Last week I wrote about many of the reasons that we choose to separate newborn calves from their mother cows shortly after their birth (read: Calf Care Part 1: Why … Continue reading Calf Care Part 2: Why do dairy farmers house calves in hutches?
All in the Family
For quite a while we’ve been tossing around the idea of registering some of our cows. Some breeders venture into the world of registered Holsteins by purchasing heifers or cows … Continue reading All in the Family
What’s In A Name
One of the first questions I get from many people when they find out I have cows is: “do all the cows have names?” The short answer is “No. They … Continue reading What’s In A Name
Those familiar with beef herds are used to hearing about calving seasons, but many dairies, including ours, prefer to keep a consistent number of cows milking and try to calve year-round. A very hot end to summer 2011 meant not very many cows got bred, though, so this spring we actually went two months without a calf. Also, we do limit calving in the worst heat of July or August because calving in the heat is hard on both the cows and calves. It has been a little interesting watching our numbers swing as we continued to dry off cows without adding back equivalent numbers of fresh cows. At the moment, we’re milking fewer than 70 cows, but all that is about to change.
Monday morning number 476, Willow (a Kuckelcow), had a heifer calf out of the bull Shamrock. She was due to calve on September 8th . Calving early is very common, and there is no cause for concern. It wouldn’t really even have been a surprise except there are 7 other cows or heifers actually due before September 8th. In addition to those 8, there are 13 more animals due in September. In fact, the craziness doesn’t stop this month – we expect 17 calves in October and 13 calves in November – that’s 51 total fresh cows in three months. For a herd our size, that’s a bunch.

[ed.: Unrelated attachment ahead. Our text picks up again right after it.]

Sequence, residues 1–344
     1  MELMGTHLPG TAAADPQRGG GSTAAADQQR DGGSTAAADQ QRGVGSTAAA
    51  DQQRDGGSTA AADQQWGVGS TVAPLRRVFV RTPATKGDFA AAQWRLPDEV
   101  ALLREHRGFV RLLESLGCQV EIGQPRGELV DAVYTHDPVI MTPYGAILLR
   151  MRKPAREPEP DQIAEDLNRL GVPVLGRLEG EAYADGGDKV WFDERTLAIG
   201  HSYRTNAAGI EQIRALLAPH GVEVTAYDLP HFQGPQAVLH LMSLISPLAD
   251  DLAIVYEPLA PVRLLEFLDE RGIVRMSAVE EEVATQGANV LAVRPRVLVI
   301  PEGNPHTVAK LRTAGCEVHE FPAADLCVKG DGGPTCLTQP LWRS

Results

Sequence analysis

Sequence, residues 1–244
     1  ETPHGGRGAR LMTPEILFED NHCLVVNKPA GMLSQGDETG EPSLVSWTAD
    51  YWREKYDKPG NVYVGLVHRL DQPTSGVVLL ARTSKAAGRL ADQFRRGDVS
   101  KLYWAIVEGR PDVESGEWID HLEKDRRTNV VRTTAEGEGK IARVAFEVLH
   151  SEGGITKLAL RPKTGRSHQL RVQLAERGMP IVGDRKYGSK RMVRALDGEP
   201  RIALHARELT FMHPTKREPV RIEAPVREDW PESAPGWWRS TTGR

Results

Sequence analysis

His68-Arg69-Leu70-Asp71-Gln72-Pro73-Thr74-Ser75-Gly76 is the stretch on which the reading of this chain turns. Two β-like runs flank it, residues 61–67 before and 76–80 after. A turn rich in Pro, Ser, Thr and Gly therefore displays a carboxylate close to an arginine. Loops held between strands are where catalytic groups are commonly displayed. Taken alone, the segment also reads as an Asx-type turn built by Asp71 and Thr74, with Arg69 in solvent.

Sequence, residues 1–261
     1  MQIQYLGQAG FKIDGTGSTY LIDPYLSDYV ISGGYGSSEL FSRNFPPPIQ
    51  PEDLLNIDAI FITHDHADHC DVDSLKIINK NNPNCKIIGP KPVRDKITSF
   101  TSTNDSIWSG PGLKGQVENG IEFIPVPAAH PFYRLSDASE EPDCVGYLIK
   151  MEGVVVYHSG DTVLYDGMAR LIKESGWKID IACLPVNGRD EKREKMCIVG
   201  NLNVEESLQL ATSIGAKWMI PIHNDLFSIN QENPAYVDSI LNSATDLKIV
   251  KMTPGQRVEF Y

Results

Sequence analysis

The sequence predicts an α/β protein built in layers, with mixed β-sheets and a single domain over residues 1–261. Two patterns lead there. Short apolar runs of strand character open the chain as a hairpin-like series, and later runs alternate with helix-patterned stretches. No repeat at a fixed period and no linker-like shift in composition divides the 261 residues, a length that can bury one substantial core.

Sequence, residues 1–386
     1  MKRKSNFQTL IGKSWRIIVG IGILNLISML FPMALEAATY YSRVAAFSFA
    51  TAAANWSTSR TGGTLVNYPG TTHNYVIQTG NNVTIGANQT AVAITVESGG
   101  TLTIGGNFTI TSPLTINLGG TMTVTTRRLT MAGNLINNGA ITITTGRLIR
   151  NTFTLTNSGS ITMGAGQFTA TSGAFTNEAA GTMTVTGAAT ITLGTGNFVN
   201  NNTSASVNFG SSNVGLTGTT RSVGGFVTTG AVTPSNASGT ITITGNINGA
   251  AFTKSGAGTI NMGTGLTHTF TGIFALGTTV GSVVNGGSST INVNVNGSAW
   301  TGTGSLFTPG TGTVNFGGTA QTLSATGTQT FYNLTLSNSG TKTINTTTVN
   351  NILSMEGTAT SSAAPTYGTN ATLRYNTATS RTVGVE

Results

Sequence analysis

I explained dry-off a few weeks ago, but what happens when a cow or heifer has her calf (or “freshens”)? After the cow has cleaned off her calf, we take the calf to keep it safe and healthy. After the next milking shift, we milk the cow separately to collect it’s colostrum. Colostrum is thicker than milk and contains a lot of good stuff meant specifically for her calf. We feed the calf it’s mother’s colostrum for it’s first two feedings. Because the cows are treated before dry-off we milk them 6 times before testing their milk for antibiotics. If the test clears, we “turn them out” with the rest of the milk herd. If for some reason the milk tests positive for antibiotics, we would continue to dump her milk until the antibiotic cleared. I don’t recall this ever being an issue with a fresh cow, but we never return a cow to the herd without testing her.
Heifers are a little bit different. Our heifers, now 1st lactation cows, are not treated prior to calving, so we only milk them 4 times before turning them out with the rest of the herd. We do this to make sure they’ve stopped giving colostrum and started giving milk and to help them adjust to milking. It’s a big change, and keeping them separate enables us to give extra attention to keeping them calm and comfortable as they adjust to their new daily routine.
As we ease into fall, we’re looking forward to fresh faces in the calf huts and fresh udders in the milk barn.
A Bunch of Bull
In two weeks time we had 5 bull calves born and zero heifer calves. I don’t know why, but we always seem to have streaks related to calf gender. In … Continue reading A Bunch of Bull
Meet the Kuckelcows
Late last summer Heim and Sons (the dairy’s name under the previous generation’s ownership) was low on cows. We were only milking 68 and had 13 that needed to be … Continue reading Meet the Kuckelcows